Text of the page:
1. This is an application for leave to appeal to His Majesty in Council. The amount involved in the suit itself is indeed very small. It is Rs. 230 and the question we have to determine on the present occasion is whether the decree involves directly or indirectly some claim or question to or respecting property of the value of Bs. 10,000 or upwards within the meaning of Section 596 of the Code of Civil Procedure.
2. The decree of this Court we might here mention reversed the decree of the Court below and, therefore, the appellant would be entitled to a certificate if he can show that he decree appealed against involves directly or indirectly some claim or question to or respecting property of the value of Rs. 10,000 or upwards. It appears that the plaintiffs or the defendant Nos. 1 to 5 as aslo defendants Nos. 6 to 10 are co-sharers in certain zemindaris. These co-sharers purchased for themselves different holdings from different tenants and the plaintiff sought to recover from defendants Nos. 1 to 5 the share of the rent payable by them to him the plaintiff as zemindar.
3. This Court has dismissed the suit on the ground that inasmuch as there was no contract between defendants Nos. 1 to 5 and the plaintiff for payment of any rent by one to the other there was no relationship of landlord and tenant between them and, therefore, the suit for rent could not be maintained, and that the only remedy which the plaintiff has is to recover his share of the profits of the land held by defendants Nos. 1 to 5. It appears, however, upon the affidavit produced on behalf of the petitioners, and so far as this matter is concerned it is not contradicted by the affidavit of the other side, that the defendants hold by purchase various holdings in different mouzahs including the holding in respect of which the suit for rent was brought which yield an annual rent of Rs. 800 and odd, in respect of the share of, the plaintiff, and that the defendants Nos. 6 to 13 similarly hold other holdings the annual rent payable in respect of which on account of the plaintiff’s share is Rs. 500 and odd. And the contention that the plaintiff raises is that by reason of the decree that has been made by this Court, he, the plaintiff, has been deprived of his claim to annual rent to the extent of Rs. 1,400 and odd; and that if such rent be capitalised it would far exceed the sum of Rs. 10,000. It is very doubtful whether he is entitled to take into account the annual rent payable by the defendants Nos. 6 to 10. But we think he is entitled to reckon that which is payable by the defendants Nos. 1 to 5 which amounts to Rs. 800 and odd in respect of the holdings in their occupation in the zemindari owned by the plaintiff as part owners.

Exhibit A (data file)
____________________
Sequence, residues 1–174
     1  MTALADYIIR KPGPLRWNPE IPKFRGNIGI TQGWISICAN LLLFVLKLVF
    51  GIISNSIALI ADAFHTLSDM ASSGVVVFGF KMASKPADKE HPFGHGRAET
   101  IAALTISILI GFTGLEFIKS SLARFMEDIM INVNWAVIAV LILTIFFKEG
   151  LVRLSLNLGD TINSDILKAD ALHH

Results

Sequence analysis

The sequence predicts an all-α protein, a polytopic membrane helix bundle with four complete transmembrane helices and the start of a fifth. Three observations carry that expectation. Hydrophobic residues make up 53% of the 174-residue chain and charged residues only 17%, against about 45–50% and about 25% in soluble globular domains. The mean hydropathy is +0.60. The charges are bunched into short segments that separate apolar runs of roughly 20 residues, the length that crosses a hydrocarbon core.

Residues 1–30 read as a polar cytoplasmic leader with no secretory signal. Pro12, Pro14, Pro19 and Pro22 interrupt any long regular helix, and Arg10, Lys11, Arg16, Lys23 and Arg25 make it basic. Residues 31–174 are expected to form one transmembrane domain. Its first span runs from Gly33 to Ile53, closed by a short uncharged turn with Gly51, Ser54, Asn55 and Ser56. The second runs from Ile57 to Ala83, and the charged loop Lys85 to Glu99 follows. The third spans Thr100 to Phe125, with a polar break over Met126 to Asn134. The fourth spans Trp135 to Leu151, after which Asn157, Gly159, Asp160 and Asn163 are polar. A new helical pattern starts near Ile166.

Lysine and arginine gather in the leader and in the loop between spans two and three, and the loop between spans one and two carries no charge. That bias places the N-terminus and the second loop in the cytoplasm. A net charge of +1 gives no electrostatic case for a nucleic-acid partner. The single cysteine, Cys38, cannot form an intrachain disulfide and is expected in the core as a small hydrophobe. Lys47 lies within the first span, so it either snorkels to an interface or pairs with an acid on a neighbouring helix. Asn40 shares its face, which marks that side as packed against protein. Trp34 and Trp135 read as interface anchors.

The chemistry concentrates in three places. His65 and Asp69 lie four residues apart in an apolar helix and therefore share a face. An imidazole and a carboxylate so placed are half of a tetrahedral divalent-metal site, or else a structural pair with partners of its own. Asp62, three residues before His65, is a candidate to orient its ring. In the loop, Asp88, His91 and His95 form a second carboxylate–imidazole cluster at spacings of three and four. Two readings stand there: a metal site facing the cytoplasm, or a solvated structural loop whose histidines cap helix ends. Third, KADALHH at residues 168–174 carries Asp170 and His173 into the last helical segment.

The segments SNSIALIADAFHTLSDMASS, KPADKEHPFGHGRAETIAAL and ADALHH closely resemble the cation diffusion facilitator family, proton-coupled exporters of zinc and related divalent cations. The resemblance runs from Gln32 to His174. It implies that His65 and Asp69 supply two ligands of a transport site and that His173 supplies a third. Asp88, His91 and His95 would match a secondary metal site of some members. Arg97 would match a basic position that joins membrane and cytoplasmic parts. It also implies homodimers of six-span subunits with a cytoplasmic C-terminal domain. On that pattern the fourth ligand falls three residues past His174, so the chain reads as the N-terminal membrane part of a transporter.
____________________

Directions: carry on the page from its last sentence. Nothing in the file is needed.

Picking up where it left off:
4. No doubt this Court has held that the plaintiff may recover from the defendants Nos. 1 to 5 his share of the profits of the land held by them. But there can, we think, be no question that by reason of this decree the plaintiff has lost his right as a zemindar in respect of the holdings now in the occupation of defendants. He cannot recover hereafter from these defendants any rent that may be payable for the lands in respect of which the suit was brought, nor can he recover any rent for other lands held by them in the same zemindari.
5. If this is the correct view of the case, it seems to us that the annual loss sustained by him by reason of the decree passed by this Court which is Rs. 800 and upwards should be capitalized in order to determine whether the decree involves indirectly some claim or question to or respecting property of the value of Rs. 10,000 or upwards. This leads us to the question what may be the capitalized value of the interest which the plaintiff has lost. The affidavit on the part of the plaintiff states that such capitalized value is 15 or 20 years’ purchase, whereas the defendants’ affidavit says it is 8 years’ purchase. We think it fair to take the capitalized value at 15 years’ purchase and it would appear that the Value is Rs. 12,000.
6. The view that we have adopted is supported by the case of Ananda Chandra Bose v. L.P.D. Broughton 9 B.L.R. 423, where leave to appeal was granted because the judgment of the High Court would govern the decisions in the other suits which plaintiff intended to bring on precisely the same grounds, and in respect of which precisely the same questions would arise as had arisen in the suit sought to be appealed. Upon these grounds we are of opinion that the case fulfils the requirements of Section 596 of the Code of Civil Procedure and we direct that the certificate contemplated by the section be granted to the petitioner.